Praying to be delivered from our governor
The Lord giveth and the Lord taketh. In the Star's Sept. 17 edition, there was an article ("Brewer cites God-given aid in governing") from an interview with Gov. Jan Brewer in which the governor refers to her religious beliefs and claims that God placed her in the position of governor to lead Arizona out of a abysmal financial situation. Further, she said that she sought guidance through prayer during her staff meetings.
Coincidentally, in this same edition of the Star was an article ("State drops domestic-partner benefits") reporting the governor's taking away domestic-partner benefits from state employees (I assume as a result of one of her prayers).
My prayer to God is that He deliver us from the evils of her administration.
Business owner, Tucson
'Trigger' puts a hole in incentives
One of the latest attempts to take the teeth out of the health-care reform act is to add a "trigger" to the public option. A "trigger" says that the powerful changes enacted to control the abuses heaped on customers by the insurance and drug corporations don't have to be acted on immediately. The "trigger" is a signal to seek delays, modifications, exemptions, et cetera to prevent the trigger from being activated.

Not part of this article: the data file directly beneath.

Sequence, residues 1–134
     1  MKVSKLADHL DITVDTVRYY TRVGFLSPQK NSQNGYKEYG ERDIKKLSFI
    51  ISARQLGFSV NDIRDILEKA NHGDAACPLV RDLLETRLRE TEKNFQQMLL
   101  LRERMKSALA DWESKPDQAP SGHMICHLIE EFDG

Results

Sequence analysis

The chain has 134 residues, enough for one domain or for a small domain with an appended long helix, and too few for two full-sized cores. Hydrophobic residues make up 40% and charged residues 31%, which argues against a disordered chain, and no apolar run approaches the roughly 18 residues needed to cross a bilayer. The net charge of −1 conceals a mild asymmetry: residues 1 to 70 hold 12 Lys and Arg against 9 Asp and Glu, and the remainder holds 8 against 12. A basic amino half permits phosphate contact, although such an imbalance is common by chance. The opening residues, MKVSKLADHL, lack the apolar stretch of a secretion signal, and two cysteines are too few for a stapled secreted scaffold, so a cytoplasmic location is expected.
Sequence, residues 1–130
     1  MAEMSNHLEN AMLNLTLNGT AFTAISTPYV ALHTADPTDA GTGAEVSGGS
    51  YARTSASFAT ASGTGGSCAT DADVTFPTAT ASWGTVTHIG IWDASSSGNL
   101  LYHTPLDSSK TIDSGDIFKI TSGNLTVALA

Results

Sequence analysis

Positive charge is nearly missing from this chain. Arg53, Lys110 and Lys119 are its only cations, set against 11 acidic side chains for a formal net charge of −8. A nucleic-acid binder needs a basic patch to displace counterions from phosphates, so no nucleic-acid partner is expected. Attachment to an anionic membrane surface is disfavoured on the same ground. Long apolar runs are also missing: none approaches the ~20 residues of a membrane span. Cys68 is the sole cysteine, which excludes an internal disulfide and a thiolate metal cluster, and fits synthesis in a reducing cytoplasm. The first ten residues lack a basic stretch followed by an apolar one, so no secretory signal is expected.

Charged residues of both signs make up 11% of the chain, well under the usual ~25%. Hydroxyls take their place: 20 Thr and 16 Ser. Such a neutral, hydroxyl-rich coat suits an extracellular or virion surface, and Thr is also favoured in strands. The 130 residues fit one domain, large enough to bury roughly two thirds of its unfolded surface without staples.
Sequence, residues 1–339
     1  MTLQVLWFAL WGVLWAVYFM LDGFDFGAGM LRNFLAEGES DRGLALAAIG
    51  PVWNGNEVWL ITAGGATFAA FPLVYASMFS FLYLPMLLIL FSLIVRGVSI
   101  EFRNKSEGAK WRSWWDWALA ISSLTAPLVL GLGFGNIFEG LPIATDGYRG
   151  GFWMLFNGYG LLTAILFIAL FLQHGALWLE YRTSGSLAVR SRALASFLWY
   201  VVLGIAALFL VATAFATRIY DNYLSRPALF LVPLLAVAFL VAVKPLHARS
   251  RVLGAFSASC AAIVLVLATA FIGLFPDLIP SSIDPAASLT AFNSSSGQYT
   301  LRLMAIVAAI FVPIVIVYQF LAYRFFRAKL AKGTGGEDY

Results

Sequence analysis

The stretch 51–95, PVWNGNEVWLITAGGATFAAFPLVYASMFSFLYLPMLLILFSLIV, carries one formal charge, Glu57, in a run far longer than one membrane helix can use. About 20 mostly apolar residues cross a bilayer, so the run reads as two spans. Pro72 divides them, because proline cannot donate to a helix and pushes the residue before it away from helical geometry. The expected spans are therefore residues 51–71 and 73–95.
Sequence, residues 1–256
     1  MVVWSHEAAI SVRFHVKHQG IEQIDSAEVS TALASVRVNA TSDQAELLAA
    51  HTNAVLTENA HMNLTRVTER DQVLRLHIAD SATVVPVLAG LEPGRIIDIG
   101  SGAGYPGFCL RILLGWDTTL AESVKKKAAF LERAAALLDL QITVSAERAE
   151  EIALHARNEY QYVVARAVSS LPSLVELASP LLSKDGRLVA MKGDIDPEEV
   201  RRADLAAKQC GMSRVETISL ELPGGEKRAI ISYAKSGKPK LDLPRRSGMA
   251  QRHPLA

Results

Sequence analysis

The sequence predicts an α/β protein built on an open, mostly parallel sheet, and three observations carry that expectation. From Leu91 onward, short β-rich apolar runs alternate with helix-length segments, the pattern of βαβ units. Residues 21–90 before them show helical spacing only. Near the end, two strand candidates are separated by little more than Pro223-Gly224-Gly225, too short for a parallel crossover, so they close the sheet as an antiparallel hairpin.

Without a true public option that begins with the passage of the reform bill, the restrictions and requirements will simply invigorate the corporations' efforts to eventually nullify the changes.
President Obama has stated in the past that it is the public option that will oblige insurance and drug companies to behave in a truly competitive manner. The "trigger" takes away that incentive.
One step forward, two steps back
Re: the Sept. 17 article "State drops domestic-partner benefits."